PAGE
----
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 Post subject: Re: Boston Ballet Financial News
PostPosted: Fri Nov 14, 2003 8:45 am 
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and that, in a nutshell, seems to be where Boston Ballet is in 2003 ....


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 Post subject: Re: Boston Ballet Financial News
PostPosted: Fri Nov 14, 2003 12:09 pm 
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Boston Ballet has the added problem of too many AD's in too little time. With such upheavals in leadership it is really not surprising they have fiscal troubles.


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 Post subject: Re: Boston Ballet Financial News
PostPosted: Fri Nov 14, 2003 4:51 pm 
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Quote:
Unfortunately, very few board members have a clue what their duties are or should be (ie fundraising), and even fewer will actually perform those duties once they do know.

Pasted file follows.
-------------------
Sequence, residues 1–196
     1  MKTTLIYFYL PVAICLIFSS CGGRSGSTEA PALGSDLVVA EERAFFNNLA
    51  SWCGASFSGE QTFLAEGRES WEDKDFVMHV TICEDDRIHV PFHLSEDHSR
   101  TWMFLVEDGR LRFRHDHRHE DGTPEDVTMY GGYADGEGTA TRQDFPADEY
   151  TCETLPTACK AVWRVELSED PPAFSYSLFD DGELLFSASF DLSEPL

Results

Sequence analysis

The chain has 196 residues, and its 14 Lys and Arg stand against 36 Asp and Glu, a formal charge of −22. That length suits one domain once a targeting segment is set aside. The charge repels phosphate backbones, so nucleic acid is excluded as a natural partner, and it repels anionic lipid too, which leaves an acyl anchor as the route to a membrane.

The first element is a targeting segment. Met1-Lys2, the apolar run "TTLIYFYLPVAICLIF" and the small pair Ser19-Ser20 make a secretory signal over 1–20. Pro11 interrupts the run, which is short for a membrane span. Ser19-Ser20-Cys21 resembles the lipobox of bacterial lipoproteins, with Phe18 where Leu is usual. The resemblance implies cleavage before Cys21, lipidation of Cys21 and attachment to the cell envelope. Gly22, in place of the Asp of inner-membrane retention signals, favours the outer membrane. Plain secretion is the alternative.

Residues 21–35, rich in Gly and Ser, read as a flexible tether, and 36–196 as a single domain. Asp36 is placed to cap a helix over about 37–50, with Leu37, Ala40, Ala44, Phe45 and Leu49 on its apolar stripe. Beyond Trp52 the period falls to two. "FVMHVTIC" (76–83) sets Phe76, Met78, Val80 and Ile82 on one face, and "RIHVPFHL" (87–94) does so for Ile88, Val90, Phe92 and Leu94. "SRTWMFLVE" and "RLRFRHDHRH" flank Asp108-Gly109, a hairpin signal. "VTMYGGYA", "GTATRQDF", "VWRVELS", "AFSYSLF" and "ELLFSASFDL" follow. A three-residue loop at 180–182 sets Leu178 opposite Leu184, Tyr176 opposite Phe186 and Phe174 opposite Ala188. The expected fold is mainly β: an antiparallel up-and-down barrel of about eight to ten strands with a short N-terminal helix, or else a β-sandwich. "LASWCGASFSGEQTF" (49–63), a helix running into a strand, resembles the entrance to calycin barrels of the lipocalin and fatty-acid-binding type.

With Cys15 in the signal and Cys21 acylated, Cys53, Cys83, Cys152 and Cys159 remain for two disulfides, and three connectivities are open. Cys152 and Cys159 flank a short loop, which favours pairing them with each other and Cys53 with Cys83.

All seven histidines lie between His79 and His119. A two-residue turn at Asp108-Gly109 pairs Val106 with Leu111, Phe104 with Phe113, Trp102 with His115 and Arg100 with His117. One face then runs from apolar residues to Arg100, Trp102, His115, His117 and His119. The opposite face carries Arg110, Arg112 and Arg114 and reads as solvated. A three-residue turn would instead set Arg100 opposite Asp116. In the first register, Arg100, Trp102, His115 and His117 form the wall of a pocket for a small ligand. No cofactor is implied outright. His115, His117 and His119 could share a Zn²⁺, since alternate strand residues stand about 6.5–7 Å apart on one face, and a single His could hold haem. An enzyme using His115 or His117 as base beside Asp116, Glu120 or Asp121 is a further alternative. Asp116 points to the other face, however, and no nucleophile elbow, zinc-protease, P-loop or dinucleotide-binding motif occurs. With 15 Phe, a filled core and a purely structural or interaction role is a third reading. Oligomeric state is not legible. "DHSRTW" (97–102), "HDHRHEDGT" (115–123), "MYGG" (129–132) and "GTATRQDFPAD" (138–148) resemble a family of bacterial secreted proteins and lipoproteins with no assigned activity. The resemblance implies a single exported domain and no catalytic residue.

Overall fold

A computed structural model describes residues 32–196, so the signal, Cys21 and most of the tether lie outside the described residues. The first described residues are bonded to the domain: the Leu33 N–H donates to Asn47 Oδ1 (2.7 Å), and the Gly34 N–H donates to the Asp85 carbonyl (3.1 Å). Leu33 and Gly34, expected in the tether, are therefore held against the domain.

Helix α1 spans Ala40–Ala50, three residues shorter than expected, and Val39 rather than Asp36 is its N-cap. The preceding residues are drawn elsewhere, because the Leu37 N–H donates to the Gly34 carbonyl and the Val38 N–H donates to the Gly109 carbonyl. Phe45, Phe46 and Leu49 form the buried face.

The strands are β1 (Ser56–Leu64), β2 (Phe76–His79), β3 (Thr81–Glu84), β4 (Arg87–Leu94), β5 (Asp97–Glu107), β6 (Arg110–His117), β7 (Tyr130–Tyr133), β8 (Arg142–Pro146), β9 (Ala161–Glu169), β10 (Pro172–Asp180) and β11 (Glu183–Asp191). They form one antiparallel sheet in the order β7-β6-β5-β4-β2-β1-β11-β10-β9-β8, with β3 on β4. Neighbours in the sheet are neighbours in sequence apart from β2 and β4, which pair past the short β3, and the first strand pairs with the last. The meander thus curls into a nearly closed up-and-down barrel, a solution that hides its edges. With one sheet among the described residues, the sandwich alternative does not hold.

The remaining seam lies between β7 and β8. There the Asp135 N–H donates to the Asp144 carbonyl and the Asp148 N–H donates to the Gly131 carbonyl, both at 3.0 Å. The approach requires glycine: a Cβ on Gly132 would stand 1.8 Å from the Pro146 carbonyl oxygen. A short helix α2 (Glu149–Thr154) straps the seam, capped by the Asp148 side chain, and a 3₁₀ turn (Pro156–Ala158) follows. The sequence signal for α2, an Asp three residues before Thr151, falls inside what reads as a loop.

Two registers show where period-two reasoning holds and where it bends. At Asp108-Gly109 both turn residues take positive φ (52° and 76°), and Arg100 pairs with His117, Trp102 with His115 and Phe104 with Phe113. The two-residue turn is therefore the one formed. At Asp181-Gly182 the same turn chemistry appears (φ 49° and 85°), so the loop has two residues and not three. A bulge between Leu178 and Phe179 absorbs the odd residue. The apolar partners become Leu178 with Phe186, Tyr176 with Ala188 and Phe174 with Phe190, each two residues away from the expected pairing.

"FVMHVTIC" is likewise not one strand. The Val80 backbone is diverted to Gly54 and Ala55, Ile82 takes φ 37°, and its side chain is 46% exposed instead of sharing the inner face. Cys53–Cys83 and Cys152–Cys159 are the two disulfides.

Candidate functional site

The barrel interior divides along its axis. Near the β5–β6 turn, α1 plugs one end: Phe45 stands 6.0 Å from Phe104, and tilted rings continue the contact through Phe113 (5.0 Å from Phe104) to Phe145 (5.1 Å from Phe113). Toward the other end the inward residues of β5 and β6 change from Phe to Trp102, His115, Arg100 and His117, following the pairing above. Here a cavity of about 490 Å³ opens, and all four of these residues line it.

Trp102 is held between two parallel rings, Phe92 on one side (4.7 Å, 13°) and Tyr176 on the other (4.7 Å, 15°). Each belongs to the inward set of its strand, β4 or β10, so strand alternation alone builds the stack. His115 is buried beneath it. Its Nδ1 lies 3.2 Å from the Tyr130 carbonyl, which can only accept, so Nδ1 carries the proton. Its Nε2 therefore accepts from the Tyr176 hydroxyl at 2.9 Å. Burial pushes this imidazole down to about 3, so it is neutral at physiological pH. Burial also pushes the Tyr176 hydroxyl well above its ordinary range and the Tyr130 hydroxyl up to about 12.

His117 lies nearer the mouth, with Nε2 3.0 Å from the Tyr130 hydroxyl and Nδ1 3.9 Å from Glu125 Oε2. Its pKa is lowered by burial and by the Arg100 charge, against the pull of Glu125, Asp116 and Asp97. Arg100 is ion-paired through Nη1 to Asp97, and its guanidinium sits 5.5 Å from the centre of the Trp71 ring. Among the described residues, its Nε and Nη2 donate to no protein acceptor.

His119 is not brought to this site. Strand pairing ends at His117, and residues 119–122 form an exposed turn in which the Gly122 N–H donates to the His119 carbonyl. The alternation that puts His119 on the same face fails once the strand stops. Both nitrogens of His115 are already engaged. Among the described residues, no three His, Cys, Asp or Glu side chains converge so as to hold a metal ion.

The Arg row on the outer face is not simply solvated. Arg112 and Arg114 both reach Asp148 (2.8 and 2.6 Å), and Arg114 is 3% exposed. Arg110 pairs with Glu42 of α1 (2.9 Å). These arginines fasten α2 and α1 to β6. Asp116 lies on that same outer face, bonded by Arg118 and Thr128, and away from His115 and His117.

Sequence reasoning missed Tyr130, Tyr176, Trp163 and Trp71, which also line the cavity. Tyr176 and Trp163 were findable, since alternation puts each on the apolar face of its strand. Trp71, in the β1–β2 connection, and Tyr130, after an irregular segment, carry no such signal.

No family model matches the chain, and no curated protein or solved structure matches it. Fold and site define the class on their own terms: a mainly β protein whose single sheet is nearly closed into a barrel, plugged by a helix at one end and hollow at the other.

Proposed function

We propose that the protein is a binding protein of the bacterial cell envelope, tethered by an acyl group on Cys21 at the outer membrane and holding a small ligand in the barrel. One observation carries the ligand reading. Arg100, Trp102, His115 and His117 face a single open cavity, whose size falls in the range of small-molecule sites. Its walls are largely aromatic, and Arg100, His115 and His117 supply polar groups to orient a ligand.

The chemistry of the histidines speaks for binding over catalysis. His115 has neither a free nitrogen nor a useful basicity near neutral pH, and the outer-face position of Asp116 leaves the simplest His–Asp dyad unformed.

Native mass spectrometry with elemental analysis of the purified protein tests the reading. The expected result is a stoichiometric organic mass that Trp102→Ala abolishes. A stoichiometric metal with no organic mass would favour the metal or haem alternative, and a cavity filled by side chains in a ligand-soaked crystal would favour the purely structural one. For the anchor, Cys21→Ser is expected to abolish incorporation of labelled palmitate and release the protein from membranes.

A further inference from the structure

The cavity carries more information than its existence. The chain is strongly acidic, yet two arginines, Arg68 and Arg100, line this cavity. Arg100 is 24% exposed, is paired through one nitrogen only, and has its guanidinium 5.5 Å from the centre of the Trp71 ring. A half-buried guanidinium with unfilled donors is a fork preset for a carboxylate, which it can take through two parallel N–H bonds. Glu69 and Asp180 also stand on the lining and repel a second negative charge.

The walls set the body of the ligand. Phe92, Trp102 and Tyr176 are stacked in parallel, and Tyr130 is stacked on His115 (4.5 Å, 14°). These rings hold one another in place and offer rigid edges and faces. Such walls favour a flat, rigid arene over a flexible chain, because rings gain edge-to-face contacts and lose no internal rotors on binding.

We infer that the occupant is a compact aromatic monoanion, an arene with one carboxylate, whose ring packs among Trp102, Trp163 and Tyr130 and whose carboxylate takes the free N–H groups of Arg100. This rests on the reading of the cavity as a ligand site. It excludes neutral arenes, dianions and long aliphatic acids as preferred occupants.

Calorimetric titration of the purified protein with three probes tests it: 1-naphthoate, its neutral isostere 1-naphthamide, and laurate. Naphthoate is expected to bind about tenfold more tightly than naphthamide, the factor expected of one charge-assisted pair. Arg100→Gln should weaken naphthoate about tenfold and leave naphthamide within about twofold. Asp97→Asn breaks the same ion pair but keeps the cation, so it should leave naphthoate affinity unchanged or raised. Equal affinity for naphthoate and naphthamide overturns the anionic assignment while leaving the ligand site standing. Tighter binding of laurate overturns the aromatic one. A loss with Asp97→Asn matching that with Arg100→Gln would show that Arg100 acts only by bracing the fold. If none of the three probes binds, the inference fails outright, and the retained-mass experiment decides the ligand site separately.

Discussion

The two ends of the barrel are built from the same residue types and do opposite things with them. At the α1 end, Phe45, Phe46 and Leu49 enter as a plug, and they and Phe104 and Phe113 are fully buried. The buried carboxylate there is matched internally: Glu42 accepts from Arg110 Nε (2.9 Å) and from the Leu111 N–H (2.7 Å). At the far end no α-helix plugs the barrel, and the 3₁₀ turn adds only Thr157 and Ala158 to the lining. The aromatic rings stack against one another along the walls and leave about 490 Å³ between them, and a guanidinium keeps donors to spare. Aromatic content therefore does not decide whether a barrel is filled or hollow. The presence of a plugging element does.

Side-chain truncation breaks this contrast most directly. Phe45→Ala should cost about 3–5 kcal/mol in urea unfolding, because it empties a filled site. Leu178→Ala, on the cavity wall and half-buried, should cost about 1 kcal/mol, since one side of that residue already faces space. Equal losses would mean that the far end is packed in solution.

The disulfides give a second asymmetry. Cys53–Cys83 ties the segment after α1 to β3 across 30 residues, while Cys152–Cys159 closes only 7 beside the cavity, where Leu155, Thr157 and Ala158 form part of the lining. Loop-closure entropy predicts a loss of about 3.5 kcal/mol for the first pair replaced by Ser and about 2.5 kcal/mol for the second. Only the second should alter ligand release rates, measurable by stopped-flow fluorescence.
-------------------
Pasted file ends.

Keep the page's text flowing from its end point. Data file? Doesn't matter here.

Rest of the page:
True... so, true...

However, keep in mind that many board members have day jobs and it's not easy for them to take on more responsibilities. I hate to say this but the reality is it's not a bad idea to have on your board a non-working spouse of an executive... but a bad idea to have both spouses on at the same time... :)

The artistic vision is usually what inspires a company, its staff and its board. Boston Ballet had gone through quite a few changes that I'm not sure they knew exactly what they were shooting for. If you recall, they even had a season programmed by the Conductor! He may have made some nice choices but you wouldn't expect that season to have inspired the board.


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 Post subject: Re: Boston Ballet Financial News
PostPosted: Fri Nov 14, 2003 5:45 pm 
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I think that in the case of Bostob Ballet over the last few tears, they have had more pressing poblems to think about than the growing of the endowment.